6

How can I make it so that all the letters on a word are capitalized yet the first letter is bigger than the rest?

An example would be the first and second word on the following image:

Example of what's being described

Thanks in advance.

2
  • 7
    \textsc{Definicion...} It is called "small-caps" Oct 25 '20 at 2:21
  • This kind of formatting is probably a theorem style, by the way. That lets you number your definitions or put in page references to them. And you can change the formatting of all your definitions at once.
    – Davislor
    Oct 25 '20 at 13:02
15

The style is called "small caps" and is considered a font shape by LaTeX. Thus, \scshape will turn it on, or a delimited form, \textsc{...} is available. Naturally, you must make sure your font supports this shape.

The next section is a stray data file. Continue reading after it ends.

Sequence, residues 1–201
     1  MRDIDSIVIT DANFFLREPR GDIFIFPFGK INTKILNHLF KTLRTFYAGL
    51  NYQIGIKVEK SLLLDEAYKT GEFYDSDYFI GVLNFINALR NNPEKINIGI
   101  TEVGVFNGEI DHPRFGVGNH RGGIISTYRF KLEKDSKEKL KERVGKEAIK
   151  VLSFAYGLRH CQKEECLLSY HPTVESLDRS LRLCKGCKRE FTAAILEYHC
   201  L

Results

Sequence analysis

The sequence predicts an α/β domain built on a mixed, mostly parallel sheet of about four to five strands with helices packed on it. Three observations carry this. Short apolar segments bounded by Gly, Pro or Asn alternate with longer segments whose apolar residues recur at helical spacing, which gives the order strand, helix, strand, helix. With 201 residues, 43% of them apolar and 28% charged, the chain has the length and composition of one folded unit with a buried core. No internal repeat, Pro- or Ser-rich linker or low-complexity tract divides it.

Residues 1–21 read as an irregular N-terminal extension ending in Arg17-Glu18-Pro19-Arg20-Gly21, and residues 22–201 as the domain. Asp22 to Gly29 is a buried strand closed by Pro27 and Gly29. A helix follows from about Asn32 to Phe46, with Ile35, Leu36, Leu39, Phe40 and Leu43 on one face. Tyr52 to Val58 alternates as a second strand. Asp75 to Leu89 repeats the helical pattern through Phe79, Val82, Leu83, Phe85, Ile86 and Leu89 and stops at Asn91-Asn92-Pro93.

\documentclass{article}
\begin{document}
\textsc{Definici\'on (Isomorfismo)} Sea $T:U\rightarrow V$
\end{document}

enter image description here

p.s. Other font shapes include italic (\itshape) and upright (\upshape).

3
  • +1 even if you used : instead of \colon ;-)
    – campa
    Oct 25 '20 at 12:30
  • As far as I remember, in a small caps variant of a font the lowercase letters are not just smaller capital letters, but the stroke width is also adjusted to match the uppercase letters. Thus, you would not get the same result if you just played with uppercase letters in different font sizes.
    – Dubu
    Oct 27 '20 at 9:17
  • 1
    @Dubu It is true that small caps are not merely scaled caps. My answer here, tex.stackexchange.com/questions/55664/…, talks a little about that. The approach suggested was to have a different scaling ratio for vertical versus horizontal scaling. But even that does not create a true small cap, which is actually a separate font created by a font designer, and not merely a mathematical manipulation of the base font. Oct 27 '20 at 9:48

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